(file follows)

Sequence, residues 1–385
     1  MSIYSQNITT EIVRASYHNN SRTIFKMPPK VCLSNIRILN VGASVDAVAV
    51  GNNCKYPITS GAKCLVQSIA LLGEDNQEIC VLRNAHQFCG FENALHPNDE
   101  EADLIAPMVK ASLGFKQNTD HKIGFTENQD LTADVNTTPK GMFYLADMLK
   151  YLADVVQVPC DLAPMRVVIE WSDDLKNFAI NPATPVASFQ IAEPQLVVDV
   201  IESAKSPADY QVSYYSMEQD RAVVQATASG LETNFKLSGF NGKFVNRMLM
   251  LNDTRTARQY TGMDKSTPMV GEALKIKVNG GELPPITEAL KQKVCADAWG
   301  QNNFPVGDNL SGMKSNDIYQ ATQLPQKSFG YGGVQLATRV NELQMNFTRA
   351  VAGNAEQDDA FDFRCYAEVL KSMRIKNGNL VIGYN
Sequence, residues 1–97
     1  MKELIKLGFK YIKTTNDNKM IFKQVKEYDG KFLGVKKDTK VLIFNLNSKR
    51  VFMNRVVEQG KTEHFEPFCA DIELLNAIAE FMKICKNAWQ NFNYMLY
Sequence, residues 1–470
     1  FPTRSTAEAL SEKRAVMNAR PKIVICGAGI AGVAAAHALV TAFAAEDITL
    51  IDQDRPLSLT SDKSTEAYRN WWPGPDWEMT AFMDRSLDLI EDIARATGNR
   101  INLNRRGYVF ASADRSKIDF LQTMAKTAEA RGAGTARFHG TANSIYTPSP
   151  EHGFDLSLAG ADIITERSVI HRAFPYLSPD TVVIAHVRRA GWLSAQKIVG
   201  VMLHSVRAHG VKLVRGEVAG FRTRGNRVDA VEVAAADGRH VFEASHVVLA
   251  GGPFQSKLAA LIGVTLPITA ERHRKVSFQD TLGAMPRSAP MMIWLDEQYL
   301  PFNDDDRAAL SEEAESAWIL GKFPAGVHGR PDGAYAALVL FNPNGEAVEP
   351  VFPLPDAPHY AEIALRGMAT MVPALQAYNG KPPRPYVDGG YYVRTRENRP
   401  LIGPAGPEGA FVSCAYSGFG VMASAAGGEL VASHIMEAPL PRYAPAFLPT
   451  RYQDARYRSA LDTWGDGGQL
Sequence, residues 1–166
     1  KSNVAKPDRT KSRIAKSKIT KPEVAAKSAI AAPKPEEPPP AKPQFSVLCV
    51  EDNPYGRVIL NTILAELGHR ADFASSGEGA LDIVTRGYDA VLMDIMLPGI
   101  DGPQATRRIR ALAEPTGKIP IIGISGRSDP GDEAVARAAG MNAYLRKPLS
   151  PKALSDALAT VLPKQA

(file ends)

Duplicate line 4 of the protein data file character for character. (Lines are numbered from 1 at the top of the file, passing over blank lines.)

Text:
   101  EADLIAPMVK ASLGFKQNTD HKIGFTENQD LTADVNTTPK GMFYLADMLK